Pig hearts have been transplanted into baboons – a development that could pave the way for humans to receive porcini organs in the future.
Researchers from Germany, Sweden and Switzerland stated that two Anubis baboons survived for six months, while two others lived for at least three months.
Previously, the longest baboon survived after a 57-day procedure.
Since then, genetic changes have been made to the hearts and a new transplant technique has been developed.
The pigs have been modified to produce a human version of two proteins that block an immune response in the alien cells.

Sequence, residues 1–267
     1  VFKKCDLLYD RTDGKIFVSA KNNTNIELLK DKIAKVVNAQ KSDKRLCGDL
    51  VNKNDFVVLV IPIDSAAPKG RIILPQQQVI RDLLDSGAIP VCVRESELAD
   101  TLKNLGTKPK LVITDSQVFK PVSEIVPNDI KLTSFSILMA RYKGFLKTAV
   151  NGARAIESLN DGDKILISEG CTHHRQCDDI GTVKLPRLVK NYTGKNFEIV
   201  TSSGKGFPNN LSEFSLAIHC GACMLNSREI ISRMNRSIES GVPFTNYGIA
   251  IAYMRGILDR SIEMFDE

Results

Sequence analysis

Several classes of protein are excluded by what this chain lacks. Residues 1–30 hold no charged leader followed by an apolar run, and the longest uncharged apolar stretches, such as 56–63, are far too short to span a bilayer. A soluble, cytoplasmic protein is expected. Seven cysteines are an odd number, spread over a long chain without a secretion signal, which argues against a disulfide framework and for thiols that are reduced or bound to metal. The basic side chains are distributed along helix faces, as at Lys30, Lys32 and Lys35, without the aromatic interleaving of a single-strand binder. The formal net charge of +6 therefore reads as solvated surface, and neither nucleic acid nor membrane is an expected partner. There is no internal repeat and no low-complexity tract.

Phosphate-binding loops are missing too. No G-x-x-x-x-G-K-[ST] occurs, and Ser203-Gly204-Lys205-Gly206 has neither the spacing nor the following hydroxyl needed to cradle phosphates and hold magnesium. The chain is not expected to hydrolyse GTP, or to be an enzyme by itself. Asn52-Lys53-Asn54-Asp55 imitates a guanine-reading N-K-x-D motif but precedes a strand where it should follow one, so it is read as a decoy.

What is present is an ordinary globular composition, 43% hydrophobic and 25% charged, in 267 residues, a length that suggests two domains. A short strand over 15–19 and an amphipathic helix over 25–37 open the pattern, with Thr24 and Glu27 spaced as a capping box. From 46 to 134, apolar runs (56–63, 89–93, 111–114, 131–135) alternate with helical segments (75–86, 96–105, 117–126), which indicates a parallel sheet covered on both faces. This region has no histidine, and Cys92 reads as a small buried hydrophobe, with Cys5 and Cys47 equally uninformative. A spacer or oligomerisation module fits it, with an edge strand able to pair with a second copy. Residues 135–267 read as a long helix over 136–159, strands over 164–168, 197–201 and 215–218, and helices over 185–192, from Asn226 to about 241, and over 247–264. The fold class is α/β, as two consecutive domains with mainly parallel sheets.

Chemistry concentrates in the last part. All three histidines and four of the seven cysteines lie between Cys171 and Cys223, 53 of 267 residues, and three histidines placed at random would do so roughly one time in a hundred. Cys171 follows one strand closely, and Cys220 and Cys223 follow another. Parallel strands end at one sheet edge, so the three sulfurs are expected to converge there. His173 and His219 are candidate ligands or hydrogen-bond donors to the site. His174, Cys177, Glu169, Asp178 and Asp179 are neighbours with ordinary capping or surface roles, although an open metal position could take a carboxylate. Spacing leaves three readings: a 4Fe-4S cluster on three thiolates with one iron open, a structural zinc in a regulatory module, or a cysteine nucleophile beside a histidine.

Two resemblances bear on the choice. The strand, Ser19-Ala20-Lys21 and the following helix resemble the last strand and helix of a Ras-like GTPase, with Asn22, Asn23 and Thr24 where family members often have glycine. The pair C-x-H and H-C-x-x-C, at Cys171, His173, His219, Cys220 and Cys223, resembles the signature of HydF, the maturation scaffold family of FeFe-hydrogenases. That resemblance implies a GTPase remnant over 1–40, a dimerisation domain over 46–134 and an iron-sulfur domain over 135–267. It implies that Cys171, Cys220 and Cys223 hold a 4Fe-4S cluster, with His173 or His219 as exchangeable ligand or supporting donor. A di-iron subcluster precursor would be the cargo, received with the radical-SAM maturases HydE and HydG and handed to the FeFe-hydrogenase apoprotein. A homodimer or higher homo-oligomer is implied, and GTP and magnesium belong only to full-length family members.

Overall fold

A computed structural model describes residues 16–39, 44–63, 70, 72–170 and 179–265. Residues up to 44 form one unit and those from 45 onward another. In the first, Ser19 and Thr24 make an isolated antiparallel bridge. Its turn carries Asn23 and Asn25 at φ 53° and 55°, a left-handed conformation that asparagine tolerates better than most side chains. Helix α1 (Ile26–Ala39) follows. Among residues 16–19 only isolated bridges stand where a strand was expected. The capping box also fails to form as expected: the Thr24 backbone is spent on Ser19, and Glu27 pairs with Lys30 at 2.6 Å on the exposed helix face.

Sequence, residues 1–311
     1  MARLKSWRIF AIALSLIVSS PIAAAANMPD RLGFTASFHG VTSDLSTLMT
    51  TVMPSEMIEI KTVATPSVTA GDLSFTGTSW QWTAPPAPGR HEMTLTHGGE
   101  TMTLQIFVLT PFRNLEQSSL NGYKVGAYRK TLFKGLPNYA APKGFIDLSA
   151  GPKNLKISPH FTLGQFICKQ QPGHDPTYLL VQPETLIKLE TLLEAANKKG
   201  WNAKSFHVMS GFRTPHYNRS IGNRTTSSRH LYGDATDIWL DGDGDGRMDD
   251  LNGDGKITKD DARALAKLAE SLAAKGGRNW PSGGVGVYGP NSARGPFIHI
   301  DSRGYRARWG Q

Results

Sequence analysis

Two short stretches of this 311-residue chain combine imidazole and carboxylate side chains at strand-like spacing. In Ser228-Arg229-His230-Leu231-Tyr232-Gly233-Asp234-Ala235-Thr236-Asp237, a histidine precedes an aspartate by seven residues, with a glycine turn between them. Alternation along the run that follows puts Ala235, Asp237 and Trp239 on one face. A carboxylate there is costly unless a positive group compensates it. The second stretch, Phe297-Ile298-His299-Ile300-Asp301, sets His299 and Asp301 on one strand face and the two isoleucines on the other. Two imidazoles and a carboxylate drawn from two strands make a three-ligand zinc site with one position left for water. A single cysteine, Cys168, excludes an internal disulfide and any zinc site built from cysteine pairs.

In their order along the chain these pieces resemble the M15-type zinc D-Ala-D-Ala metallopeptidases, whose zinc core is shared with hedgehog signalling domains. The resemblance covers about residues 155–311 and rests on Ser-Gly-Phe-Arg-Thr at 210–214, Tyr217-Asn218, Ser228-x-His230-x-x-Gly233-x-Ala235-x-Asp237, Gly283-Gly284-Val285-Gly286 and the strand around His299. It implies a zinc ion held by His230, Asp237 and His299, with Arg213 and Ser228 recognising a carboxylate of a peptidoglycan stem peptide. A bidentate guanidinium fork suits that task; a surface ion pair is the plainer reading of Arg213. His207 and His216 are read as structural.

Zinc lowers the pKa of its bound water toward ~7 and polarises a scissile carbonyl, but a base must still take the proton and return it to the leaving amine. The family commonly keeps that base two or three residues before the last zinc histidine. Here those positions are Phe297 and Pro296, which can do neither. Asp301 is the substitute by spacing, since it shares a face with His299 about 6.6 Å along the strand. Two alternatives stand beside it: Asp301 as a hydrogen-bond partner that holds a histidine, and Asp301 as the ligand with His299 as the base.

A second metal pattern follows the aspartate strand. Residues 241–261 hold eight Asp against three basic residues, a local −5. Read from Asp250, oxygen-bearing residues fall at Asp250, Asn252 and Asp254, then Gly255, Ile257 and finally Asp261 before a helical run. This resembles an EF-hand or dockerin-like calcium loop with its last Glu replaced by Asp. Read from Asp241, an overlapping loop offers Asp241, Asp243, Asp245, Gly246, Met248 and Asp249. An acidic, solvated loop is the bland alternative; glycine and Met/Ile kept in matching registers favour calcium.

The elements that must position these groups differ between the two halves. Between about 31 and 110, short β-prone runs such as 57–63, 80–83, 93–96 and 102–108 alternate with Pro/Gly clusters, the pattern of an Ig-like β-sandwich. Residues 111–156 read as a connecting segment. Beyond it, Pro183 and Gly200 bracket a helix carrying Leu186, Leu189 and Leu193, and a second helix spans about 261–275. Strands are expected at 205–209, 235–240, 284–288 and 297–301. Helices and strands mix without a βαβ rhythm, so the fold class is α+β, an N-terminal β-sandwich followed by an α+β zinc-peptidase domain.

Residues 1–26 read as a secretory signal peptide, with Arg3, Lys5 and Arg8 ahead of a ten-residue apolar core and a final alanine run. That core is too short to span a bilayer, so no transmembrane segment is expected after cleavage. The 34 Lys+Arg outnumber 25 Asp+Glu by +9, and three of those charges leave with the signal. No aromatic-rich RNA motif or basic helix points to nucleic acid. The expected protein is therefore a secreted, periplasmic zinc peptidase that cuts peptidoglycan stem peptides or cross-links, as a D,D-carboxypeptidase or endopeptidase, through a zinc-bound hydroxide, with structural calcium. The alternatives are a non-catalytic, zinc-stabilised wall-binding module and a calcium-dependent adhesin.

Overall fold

It was also assured that they generated thrombomodulin, which prevents the blood from coagulating after surgery.
The research team also stopped preserving donor hearts in cold storage and instead kept them at 8C.
Through them circulated fluids containing oxygen, hormones, red blood cells and nutrients.
Baboons were given drugs to keep the pig's heart from getting too big and lowering the blood pressure to match the pig's.
The transplant procedure was perfected during three trials involving 14 baboons.
One of the five baboons in the final experiment had to be put down after developing a blood clot.
Transplanting an organ between two different species – known as xenotransplantation – is thought to be a way to overcome organ deficiency for human beings who need a transplant.
The scientists' findings have been published in the journal Nature.